We and others have previously reported a role for ITK signaling in regulating Foxp3+ regulatory T (Treg) cell development and function (41, 80). In the absence of ITK, the proportion of Treg cells among CD4+ T cells in the lymphoid organs of naive mice is increased, and the differentiation of inducible Treg cells from CD4+ naive T cells in vitro is also enhanced (41, 80). The role of ITK in Treg cell responses in the lung during Mtb infection was, however, unclear. In mouse model of Mtb infection, we observed higher Mtb burdens, higher lung pathological scores and reduced numbers of Treg cells found in the lungs in Itk-deficient mice, compared to those in the infected WT mice (Figure 4). Tissue damage may be explained by excessive growth of the pathogen and/or immunopathology. Indeed, we observed impaired γδ T cell expansion and γδ T cell-derived IL-17A production in Mtb-infected Itk-deficient mice but no overt differences in other immune effectors. The decrease in Treg numbers in the lung during Mtb infection in the absence of ITK may explain higher levels of immunopathology potentially due to impaired immunomodulatory function. Future research using murine models with conditional deletion of Itk specifically in Foxp3+ Treg cells would allow more in-depth investigation of the role of ITK in Treg cells during Mtb infection.

Taken together, these findings suggest a potential role for ITK in active TB in humans, in addition to its known connection with primary immunodeficiency, susceptibility to EBV, lymphoproliferative diseases, and asthma (12, 50, 51). These findings also have important implications for human genetics associated with susceptibility to Mtb due to altered immune responses and molecular signals modulating host immunity that controls the progression of active tuberculosis.

Our findings support a role of ITK signaling in promoting protective immune responses against Mtb, in particular, γδ T cell expansion and production of IL-17A, which could contribute to the modulation of tuberculosis, especially in infections with highly virulent bacterial strains in which IL-17A has been shown to play an essential protective role (67). However, our work also sounds a note of caution for the potential use of compounds such as Ibrutinib that inhibit the related kinase BTK as well as ITK (81). Given the potential for inhibition of ITK, patients being treated with Ibrutinib may need to be monitored for infection or potential reactivation of latent Mtb.

Data Availability Statement

The datasets generated for this study can be found in the Gene Expression Omnibus under accession number GSE20050.

Ethics Statement

The animal study was reviewed and approved by the Institutional Animal Care and Use Committees at Cornell University.

Author Contributions

LH, MM, NN, JE, CL, and WH performed the experiments. LH, TS, AA, and WH analyzed and interpreted data. LH, AA, and WH wrote the manuscript. KY performed bioinformatic analyses. DR contributed reagents and intellectual input. AA and WH conceived research and designed experiments.

Funding

This work was supported in part by grants from the National Institutes of Health (AI120701 and AI138570 to AA, AI129422 to AA and WH, GM130555 Sub-6610 to WH, and AI134183 to DR), and a Pilot Grant (to WH) from LSU-Tulane COBRE Center for Experimental Infectious Disease Research (funded by NIH P30GM110760). JE was supported by a training program in Biomedical and Bioengineering at Cornell University (funded by NIH T32EB023860). MM is a recipient of the Pathobiological Sciences Graduate Program Fellowship in the School of Veterinary Medicine at the Louisiana State University.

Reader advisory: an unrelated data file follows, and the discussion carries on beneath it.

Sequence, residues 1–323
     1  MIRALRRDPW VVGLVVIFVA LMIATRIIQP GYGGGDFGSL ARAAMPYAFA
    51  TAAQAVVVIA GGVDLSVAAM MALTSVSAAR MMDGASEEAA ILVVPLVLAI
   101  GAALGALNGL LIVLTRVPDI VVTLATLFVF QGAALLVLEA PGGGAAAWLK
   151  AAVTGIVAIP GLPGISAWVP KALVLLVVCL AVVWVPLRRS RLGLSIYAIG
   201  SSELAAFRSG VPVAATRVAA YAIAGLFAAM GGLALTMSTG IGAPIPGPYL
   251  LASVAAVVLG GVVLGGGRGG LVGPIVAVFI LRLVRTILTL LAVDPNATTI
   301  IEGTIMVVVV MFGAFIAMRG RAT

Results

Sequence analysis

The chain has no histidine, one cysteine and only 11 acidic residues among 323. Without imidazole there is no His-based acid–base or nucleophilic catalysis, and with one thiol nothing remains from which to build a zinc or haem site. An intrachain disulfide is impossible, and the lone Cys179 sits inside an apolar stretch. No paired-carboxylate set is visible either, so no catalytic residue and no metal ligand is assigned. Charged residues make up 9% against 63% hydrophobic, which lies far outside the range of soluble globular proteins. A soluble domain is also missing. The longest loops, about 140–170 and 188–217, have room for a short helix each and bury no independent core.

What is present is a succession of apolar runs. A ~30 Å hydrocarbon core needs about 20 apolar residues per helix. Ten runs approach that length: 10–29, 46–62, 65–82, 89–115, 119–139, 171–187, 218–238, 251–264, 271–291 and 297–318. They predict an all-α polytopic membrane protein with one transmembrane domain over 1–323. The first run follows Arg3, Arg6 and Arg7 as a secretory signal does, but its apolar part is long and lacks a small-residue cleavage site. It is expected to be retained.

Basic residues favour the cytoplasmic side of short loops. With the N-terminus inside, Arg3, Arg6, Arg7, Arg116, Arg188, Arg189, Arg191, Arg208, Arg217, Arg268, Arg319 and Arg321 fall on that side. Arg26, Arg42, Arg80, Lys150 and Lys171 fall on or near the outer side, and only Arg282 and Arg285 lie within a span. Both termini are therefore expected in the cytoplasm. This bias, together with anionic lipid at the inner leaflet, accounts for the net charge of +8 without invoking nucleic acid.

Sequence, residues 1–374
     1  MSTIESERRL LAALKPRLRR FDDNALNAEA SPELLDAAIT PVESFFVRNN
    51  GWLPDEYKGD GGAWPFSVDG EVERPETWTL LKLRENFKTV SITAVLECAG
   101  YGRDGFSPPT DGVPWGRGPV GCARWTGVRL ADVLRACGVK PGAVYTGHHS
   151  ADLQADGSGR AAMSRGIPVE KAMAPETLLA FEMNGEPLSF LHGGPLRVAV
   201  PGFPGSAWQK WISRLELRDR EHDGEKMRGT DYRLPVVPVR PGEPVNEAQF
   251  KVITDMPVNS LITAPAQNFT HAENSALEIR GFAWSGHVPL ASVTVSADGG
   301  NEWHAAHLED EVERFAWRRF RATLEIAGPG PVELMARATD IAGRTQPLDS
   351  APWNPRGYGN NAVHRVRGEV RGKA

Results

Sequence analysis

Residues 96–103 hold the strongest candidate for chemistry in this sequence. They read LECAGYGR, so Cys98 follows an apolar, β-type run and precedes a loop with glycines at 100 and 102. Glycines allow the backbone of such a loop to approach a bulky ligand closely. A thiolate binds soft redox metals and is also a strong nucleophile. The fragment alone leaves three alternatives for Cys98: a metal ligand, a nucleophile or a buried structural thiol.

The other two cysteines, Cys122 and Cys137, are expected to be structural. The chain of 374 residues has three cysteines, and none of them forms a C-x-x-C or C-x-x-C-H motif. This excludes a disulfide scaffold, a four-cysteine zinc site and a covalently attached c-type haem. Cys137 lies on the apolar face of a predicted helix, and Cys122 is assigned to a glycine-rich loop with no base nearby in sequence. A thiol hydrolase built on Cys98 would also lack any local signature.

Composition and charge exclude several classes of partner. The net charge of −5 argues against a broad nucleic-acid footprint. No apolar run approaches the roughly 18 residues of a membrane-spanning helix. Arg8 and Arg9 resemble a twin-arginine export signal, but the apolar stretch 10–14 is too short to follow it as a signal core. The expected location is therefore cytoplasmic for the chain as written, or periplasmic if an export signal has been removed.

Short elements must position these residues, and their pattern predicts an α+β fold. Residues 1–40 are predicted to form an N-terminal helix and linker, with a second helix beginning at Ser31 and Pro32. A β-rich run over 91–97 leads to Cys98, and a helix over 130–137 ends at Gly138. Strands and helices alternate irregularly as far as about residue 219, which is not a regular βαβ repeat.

Conflict of Interest

AA receives research support from 3M Corporation.

The remaining authors declare that the research was conducted in the absence of any commercial or financial relationships that could be construed as a potential conflict of interest.

Acknowledgments

We thank Amie Redko for the animal care and Ling Zhang for the technical assistance.

Supplementary Material

The Supplementary Material for this article can be found online at: https://www.frontiersin.org/articles/10.3389/fimmu.2019.03103/full#supplementary-material

Supplementary Figure 1. Gene enrichment profile of the TCR/ITK signaling in human lungs with active TB. Genes in the TCR signaling pathways were rendered with their positions and connections in the pathway, with colored codes indicating the log2-fold change comparing levels of gene expression in caseous to those in normal tissues. Red indicates upregulation in caseous samples while blue indicates downregulation. Note that ITK is one of the central components of the TCR signaling pathway.

Supplementary Table 1. Summary of pathways that exhibited an up- or down-regulated trend in caseum samples compared to normal tissues.

Abbreviations

CFU, colony-forming unit; GSEA, gene set enrichment analysis; ITK, IL-2-inducible T-cell kinase; Mtb, Mycobacterium tuberculosis; NK, natural killer; TCR, T-cell receptor; Treg cells, Foxp3-expressing regulatory T cells.

References

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Keywords: active tuberculosis, transcriptomic analysis, non-receptor tyrosine kinase, IL-17A, IFN-γ, γδ T cells

Citation: Huang L, Ye K, McGee MC, Nidetz NF, Elmore JP, Limper CB, Southard TL, Russell DG, August A and Huang W (2020) Interleukin-2-Inducible T-Cell Kinase Deficiency Impairs Early Pulmonary Protection Against Mycobacterium tuberculosis Infection. Front. Immunol. 10:3103. doi: 10.3389/fimmu.2019.03103

Received: 30 October 2019; Accepted: 19 December 2019;
Published: 24 January 2020.

Edited by:

Igor Kramnik, Boston University, United States

Reviewed by:

Chinnaswamy Jagannath, University of Texas Health Science Center at Houston, United States
António Gil Castro, University of Minho, Portugal

Copyright © 2020 Huang, Ye, McGee, Nidetz, Elmore, Limper, Southard, Russell, August and Huang. This is an open-access article distributed under the terms of the Creative Commons Attribution License (CC BY). The use, distribution or reproduction in other forums is permitted, provided the original author(s) and the copyright owner(s) are credited and that the original publication in this journal is cited, in accordance with accepted academic practice. No use, distribution or reproduction is permitted which does not comply with these terms.

*Correspondence: Avery August, averyaugust@cornell.edu; Weishan Huang, huang1@lsu.edu